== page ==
FDA’s Gottlieb Challenges Investigators to Help Boost Trial Participation by Women

FDA Commissioner Scott Gottlieb, MD

FDA Commissioner Scott Gottlieb, MD

To mark National Women’s Health Week, Food and Drug Commissioner Scott Gottlieb reaffirmed the “importance of making sure women are appropriately represented in clinical trials.” He applauded the U.S. Food and Drug Administration’s (FDA’s) Office of Women’s Health (OWH) and its work in providing more than $40 million for 371 projects to “inform the FDA’s work about issues specific to women’s health and sex differences” at an agency event Wednesday (May 16) on “The Great Debate: What is Enough…Women in Clinical Trials?

There have been some encouraging results over the past several years, Gottlieb said. For example, an analysis by the OWH of enrollees in late-phase clinical trials supporting new molecular entity submissions found 52% were women in 2015, up from 39% in 2000.

Gottlieb also reported some of the findings of the FDA-led Decadal Review, a study that analyzed clinical trial safety and efficacy by sex across 34 drugs and five cardiovascular disease indications from 2005 to 2015. It also performed an exploratory analysis of the inclusion and criteria for five of the trials. The goal was to assess whether the criteria influenced patient enrollment.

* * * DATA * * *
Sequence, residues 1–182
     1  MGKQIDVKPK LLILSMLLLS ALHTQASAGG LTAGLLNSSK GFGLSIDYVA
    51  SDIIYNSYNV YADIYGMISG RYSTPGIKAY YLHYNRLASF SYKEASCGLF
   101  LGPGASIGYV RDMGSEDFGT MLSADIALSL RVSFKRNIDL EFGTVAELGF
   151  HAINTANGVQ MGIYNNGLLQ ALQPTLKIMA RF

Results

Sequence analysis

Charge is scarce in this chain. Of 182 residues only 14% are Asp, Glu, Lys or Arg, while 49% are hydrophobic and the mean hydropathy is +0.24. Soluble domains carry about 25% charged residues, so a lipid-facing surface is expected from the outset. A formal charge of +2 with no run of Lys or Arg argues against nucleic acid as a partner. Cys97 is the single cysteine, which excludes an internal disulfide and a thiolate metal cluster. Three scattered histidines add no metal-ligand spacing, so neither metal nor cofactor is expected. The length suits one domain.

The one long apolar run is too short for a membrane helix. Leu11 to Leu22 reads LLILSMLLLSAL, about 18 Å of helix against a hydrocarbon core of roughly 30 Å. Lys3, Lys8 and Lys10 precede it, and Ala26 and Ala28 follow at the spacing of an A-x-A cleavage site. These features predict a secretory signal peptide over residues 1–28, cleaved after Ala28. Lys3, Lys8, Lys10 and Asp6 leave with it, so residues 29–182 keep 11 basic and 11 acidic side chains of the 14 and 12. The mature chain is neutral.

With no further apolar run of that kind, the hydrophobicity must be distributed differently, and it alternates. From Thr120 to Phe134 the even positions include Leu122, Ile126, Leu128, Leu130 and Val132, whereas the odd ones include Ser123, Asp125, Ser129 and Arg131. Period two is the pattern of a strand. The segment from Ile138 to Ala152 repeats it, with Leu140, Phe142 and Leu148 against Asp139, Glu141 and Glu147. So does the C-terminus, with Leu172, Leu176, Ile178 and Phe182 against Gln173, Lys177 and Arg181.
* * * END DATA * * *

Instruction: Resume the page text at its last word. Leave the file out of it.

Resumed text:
“The study found minimal gender differences in drug efficacy and safety profiles,” Gottlieb said. It also found that women were well represented in trials of drugs for hypertension and atrial fibrillation, and overrepresented for pulmonary arterial hypertension. On the other end of the spectrum, women were underrepresented in trials studying therapies for heart failure, coronary artery disease, and acute coronary syndrome.

“In short, we still have more work to do,” Gottlieb said.

Gottlieb also issued a call to clinical investigators: “More work is needed to identify factors leading to under-participation of women in cardiovascular clinical trials in certain areas, notably heart failure, coronary artery disease, and acute coronary syndrome.”

FDA is trying to do its part. The agency launched a “Diverse Women in Clinical Trials Initiative,” which includes a consumer research campaign, as well as resources and workshops for health professionals and researchers. The agency is also organizing training webinars.

Author: Michael Causey